Tuesday, December 8, 2015

Book Review: The Nine by Jeffrey Toobin

Most of the books I have reviewed on this blog have a Canadian focus, as do the overwhelming majority of the posts I write. When I first got interested in politics it was through carefully tracking American news. The rhetoric and debates in the United States were enough to turn me off so I stopped following so closely. As opposed to 24-hour cable news a more formal book on a specific topic is far more palatable.

The Nine: Inside the Secret World of the Supreme Court by Jeffrey Toobin is a history of the Rehnquist Court and the first years of the Roberts Court. Toobin is a journalist with a specialty in the Supreme Court and has written a number of books about the American judicial system.

The most remarkable aspect of the book, in my opinion, is the fascinating in-depth profiles of the justices of the Rehnquist Court; their histories, their philosophies, how they came to be appointed and their personalities. It is fair to say that the men and women who have made up the United States Supreme Court have been a somewhat eccentric bunch. Rehnquist Court was remarkable for its stability. The justices on that court served together a long time and saw very little turnover. Toobin depicts the insular, close-knit world of the Supreme Court well. To a great extent the facts speak for themselves. For example, John Roberts was a clerk for the Supreme Court and a pallbearer at Rehnquist's funeral.

It is  a jarring thought that nine individuals wield such incredible power, and yet receive very little scrutiny in a sense. While less true now, I think that was definitely the case in the period before the 1990s.  The turning point was, of course, Roe v. Wade. The legalization of abortion caused an incredible political shift in the United States, including within the judiciary. Toobin illustrates how a conservative reaction developed into institutions and schools of thought and advocacy groups for the anti-abortion movement and ideological conservatives. Antonin Scalia was an early member of this movement, but was relatively lonely and isolated until Bush's appointees.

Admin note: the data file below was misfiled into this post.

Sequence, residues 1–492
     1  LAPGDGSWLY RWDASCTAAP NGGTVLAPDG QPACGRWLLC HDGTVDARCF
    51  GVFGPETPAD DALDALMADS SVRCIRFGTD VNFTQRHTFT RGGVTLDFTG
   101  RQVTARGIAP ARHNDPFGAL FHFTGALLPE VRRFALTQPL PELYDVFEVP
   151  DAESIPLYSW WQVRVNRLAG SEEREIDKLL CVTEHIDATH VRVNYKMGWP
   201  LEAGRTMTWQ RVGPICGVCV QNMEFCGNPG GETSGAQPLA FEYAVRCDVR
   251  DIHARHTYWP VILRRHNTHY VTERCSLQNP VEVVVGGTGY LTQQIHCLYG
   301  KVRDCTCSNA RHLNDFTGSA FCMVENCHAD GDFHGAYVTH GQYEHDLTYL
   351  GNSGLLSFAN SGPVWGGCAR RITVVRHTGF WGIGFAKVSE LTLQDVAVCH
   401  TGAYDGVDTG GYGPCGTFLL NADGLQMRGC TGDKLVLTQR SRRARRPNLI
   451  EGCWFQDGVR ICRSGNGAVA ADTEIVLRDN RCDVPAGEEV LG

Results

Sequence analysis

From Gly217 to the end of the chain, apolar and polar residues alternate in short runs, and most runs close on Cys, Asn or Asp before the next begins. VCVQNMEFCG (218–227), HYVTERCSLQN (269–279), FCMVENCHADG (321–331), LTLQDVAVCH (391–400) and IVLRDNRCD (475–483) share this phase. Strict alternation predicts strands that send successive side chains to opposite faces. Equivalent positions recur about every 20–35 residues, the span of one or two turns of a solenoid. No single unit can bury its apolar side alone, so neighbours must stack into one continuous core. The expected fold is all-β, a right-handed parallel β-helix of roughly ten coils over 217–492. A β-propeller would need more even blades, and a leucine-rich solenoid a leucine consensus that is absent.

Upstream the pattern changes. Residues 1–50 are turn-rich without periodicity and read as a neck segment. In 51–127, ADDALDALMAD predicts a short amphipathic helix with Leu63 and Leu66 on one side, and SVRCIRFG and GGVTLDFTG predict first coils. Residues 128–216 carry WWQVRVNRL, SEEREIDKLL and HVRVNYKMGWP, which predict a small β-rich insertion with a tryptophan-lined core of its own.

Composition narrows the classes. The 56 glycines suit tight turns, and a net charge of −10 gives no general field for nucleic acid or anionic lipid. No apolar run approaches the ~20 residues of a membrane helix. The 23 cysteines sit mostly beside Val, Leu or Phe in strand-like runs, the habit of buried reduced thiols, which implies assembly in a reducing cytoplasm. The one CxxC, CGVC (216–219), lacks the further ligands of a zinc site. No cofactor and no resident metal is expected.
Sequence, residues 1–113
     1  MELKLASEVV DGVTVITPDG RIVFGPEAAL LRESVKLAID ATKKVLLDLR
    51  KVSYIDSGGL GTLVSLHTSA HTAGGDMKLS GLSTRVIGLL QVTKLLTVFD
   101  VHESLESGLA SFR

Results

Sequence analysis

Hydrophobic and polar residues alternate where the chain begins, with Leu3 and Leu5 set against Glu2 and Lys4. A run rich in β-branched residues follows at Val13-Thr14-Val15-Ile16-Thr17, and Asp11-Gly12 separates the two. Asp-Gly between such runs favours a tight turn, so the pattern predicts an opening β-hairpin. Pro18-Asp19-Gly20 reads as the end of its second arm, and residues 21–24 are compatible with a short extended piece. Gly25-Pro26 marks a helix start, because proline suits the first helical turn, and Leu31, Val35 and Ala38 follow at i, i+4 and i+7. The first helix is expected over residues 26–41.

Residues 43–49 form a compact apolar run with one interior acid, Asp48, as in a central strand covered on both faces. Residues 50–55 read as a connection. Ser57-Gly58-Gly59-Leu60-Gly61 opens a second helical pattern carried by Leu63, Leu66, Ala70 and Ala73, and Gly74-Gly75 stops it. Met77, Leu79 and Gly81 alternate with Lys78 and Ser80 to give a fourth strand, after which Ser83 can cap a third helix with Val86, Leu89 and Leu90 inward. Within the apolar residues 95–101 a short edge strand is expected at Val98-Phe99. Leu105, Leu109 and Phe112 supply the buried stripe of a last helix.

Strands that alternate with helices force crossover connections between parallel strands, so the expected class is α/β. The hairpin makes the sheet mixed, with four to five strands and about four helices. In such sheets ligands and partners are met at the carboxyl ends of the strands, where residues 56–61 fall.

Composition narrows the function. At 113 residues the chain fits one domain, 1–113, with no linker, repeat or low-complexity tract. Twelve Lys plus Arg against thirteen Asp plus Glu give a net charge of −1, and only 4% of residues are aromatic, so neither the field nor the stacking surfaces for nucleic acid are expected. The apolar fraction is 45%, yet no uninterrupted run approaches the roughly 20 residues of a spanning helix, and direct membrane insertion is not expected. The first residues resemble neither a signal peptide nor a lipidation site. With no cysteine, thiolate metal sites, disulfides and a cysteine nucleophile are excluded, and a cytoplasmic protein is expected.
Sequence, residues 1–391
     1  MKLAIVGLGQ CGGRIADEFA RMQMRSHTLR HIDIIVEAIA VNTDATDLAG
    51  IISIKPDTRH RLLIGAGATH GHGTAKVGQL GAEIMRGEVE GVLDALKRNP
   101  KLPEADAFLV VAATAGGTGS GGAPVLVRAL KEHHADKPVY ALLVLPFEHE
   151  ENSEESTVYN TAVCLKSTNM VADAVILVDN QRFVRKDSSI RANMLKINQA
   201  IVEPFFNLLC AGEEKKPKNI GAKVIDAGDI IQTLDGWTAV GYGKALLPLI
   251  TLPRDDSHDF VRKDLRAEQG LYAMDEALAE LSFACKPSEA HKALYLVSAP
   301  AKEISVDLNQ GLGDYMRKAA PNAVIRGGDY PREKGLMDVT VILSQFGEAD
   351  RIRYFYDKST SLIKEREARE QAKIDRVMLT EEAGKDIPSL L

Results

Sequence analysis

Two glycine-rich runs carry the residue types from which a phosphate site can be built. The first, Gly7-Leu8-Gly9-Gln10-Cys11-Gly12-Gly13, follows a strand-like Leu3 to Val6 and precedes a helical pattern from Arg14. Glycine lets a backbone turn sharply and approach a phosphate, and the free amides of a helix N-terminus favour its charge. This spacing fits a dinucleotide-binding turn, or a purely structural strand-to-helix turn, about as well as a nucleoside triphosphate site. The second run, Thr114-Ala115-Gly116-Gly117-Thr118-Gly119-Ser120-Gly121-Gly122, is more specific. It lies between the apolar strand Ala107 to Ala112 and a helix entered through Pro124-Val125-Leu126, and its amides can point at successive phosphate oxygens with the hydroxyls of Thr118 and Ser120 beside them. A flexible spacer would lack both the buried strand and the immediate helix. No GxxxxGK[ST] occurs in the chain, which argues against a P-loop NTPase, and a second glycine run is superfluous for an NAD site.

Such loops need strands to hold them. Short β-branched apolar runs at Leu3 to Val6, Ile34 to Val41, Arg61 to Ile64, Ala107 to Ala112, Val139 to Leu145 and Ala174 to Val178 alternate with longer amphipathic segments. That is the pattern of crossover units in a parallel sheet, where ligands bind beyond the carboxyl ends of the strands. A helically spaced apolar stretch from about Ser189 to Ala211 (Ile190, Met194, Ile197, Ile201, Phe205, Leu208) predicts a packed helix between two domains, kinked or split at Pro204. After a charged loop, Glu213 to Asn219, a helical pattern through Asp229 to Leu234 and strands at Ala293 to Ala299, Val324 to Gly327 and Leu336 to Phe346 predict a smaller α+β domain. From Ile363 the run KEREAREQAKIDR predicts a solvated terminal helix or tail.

One of the surprising aspects to the book is the seemingly ad hoc process by which American presidents appoint justices. Bill Clinton botched the roll out of his, and George W. Bush had the embarrassing episode with Harriet Miers and Alberto Gonzales. Toobin offers a wonderful inside look into the entire process.

Some justices loom larger in the book than others. Perhaps the most significant is Sandra Day O'Connor who was the crucial swing vote in the Rehnquist years. Despite being a lifelong Republican and a conservative she sided with the liberal side of the bench on a number of decisions that helped protect abortion rights and affirmative action.

With that in mind Toobin suggests that the Bush appointments may have radical consequences for American political and social life. The book was published in 2007 and so Toobin could not, at the time, know how right he was. Alito, and Roberts have given the conservatives a majority with Scalia, Thomas, and Anthony Kennedy. Toobin has very little respect for Kennedy and finds him to be a grandstanding justice, perhaps best exemplified by the 2000 case Bush v. Gore. In the years since 2007 there have been no shortage of radical decisions of the Roberts Court to overturn long-standing precedents.

Toobin succeeds in giving us a glance in the small world of the United State Supreme Court. The writing is crisp, and entertaining and does not get bogged down in jargon. Toobin does a remarkable job in stitching together the story behind the scenes and humanizing the menacing figures in black robes. I think this book has a lot to offer anyone interested in recent American politics/history, and not just law. The court, Toobin concludes, is a reflection of its time. Now the court reflects the ideological divide that has shaped post-civil rights America. The author does well in selecting cases that illustrate the personality and dynamics of the court and presents them in a way a layperson can appreciate. Overall an engaging read on a sadly obscure topic of incredible importance.

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